In the previous descriptions, numerous specific details are set forth, such as particular materials, structures, reactants, processes, etc., in order to provide a thorough understanding of the present invention. However it should be recognized that the present invention can be practiced without resorting to the details specifically set forth. For example, the present invention is applicable to metallizing dual damascene openings as well as single damascene openings, and for circuit board manufacture. In other instances, well-known processing structures and techniques have not been described in detail in order not to unnecessarily obscure the present invention.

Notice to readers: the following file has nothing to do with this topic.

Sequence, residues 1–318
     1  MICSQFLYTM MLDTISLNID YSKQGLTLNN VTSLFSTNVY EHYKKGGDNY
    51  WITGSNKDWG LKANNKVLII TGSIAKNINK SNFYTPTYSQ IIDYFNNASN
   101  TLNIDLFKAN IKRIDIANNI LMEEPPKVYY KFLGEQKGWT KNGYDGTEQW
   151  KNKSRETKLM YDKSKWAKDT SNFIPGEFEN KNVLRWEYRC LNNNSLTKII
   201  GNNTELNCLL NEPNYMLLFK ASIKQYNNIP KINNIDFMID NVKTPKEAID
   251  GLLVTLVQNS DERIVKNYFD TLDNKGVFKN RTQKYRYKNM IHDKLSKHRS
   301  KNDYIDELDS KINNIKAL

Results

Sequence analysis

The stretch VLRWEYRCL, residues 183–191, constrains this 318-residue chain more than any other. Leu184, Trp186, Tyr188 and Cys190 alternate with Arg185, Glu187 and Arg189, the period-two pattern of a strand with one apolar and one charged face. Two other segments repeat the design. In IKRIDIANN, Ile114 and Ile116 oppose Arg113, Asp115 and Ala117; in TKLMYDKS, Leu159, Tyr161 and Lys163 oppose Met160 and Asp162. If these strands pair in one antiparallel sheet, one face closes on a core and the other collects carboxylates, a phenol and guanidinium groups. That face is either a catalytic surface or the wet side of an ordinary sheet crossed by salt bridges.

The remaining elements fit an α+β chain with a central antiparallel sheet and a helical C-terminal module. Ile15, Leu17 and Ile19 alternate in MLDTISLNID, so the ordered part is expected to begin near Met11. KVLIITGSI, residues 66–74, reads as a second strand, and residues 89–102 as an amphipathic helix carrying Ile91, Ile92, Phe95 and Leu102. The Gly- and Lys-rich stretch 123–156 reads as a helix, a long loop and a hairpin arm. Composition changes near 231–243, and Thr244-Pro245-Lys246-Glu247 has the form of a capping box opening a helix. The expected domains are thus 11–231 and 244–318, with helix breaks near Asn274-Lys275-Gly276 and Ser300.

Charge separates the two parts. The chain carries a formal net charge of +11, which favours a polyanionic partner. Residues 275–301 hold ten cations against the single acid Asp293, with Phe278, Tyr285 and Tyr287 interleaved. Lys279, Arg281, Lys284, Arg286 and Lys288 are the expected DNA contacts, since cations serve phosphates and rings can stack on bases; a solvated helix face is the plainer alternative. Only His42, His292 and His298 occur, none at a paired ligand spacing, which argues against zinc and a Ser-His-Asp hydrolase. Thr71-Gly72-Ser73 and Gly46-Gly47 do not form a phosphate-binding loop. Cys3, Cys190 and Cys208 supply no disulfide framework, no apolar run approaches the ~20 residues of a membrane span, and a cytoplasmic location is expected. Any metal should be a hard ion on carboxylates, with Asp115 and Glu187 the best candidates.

Only the preferred embodiments of the present invention are shown and described herein. It is to be understood that the present invention is capable of changes or modifications within the scope of the inventive concept as expressed herein.

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Classifications
U.S. Classification438/633, 257/E21.583, 205/118, 205/104, 438/692, 427/443.1, 438/687, 205/123, 427/430.1, 427/250, 427/97.2, 257/E21.304, 205/125, 205/95, 205/103
International ClassificationH05K3/04, C25D7/12, H05K3/10, H01L21/768, H01L21/321
Cooperative ClassificationH05K3/107, H05K3/045, H01L21/3212, H01L21/7684, C25D7/123
European ClassificationH01L21/768C2, H01L21/321P2, C25D7/12